needs to take these differences into account. To do this, England has been
divided into three broad Provinces on the basis of each area's distinctive
mixture of nucleated and dispersed settlements. These can be further divided
into sub-Provinces and local regions, possessing characteristics which have
gradually evolved during the last 1500 years or more.
This monument lies in the Trent sub-Province of the Central Province, where
the broad Trent valley swings in a great arc across midland England. Underlain
by heavy clays, it is given variety by superficial glacial and alluvial
deposits. Although treated as a single sub-Province, it has many subtle
variations. Generally, it is characterised by a great number of villages and
hamlets which cluster thickly along scarp-foot and scarp-tail zones, locations
suitable for exploiting the contrasting terrains. Throughout the sub-Province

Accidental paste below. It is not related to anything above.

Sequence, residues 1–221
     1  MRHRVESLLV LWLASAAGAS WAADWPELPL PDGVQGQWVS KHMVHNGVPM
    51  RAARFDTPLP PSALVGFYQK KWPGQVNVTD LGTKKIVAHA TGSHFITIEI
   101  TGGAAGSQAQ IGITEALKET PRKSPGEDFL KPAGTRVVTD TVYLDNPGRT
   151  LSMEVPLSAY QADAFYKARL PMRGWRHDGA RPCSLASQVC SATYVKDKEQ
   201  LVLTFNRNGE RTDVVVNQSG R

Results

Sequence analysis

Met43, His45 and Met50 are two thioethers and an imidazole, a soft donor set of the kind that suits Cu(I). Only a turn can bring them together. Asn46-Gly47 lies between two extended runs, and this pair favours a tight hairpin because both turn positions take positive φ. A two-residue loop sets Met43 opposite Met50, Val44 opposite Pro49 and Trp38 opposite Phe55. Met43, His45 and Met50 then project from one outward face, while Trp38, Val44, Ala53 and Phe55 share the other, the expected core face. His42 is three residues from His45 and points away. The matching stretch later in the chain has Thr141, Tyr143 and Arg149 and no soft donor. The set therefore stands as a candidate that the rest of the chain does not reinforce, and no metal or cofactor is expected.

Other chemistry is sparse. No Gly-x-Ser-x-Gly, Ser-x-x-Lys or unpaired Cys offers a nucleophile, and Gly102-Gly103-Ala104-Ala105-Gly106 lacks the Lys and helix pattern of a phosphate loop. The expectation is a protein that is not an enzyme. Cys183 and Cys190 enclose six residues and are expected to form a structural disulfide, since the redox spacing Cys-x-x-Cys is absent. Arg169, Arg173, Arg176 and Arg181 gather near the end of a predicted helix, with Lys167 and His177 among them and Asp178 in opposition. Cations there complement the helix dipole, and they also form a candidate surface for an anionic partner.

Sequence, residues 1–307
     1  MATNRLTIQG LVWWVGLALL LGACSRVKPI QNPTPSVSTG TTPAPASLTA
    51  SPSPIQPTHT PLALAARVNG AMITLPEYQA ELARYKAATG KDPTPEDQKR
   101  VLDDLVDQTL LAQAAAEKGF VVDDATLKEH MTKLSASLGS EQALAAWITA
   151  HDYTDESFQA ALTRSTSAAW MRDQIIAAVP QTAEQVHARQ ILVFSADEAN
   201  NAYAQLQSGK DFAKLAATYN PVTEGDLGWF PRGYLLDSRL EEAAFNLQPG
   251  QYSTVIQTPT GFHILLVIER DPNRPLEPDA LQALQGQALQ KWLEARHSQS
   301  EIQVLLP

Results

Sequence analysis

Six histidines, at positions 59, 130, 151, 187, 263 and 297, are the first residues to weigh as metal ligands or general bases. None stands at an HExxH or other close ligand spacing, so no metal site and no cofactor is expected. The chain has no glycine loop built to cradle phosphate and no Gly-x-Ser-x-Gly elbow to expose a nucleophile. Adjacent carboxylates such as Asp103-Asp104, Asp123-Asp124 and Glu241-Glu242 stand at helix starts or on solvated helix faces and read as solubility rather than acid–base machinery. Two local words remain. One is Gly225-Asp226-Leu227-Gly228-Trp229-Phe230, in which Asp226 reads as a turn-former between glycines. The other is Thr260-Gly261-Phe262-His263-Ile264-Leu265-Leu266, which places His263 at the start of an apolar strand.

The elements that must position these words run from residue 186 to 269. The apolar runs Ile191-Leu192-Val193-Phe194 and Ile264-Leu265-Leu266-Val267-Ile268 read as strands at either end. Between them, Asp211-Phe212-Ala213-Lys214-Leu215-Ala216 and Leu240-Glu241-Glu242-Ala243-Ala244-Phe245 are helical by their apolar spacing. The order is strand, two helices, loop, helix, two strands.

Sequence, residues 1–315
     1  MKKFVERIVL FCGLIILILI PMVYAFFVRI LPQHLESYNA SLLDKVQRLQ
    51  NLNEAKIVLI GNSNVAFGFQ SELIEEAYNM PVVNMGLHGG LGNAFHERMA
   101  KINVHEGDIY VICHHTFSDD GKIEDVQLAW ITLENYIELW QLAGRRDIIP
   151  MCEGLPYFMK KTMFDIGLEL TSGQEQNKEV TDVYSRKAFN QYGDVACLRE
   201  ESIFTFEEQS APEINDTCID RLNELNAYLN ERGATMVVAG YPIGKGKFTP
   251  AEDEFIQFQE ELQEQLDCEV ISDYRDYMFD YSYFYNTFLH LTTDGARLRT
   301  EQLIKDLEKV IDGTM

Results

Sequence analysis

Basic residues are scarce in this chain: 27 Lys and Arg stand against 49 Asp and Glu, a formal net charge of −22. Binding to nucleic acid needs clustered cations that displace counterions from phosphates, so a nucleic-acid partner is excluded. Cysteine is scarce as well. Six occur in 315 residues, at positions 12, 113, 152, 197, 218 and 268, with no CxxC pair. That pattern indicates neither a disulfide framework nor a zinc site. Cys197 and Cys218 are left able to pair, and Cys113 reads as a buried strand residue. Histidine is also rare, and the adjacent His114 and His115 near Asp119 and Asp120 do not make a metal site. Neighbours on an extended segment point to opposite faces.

there are very low and extremely low densities of dispersed farmsteads, some
of which are ancient, but most of which are 18th-century and later movement of
farms out of earlier villages.
Medieval villages were organised agricultural communities, sited at the centre
of a parish or township, that shared resources such as arable land, meadow and
woodland. Village plans varied enormously, but when they survive as earthworks
their most distinguishing features include roads and minor tracks, platforms
on which stood houses and other buildings such as barns, enclosed crofts and
small enclosed paddocks. They frequently include the parish church within
their boundaries, and as part of the manorial system most villages include one
or more manorial centres which may also survive as visible remains as well as
below ground deposits. In the central province of England, villages were the
most distinctive aspect of medieval life, and their archaeological remains are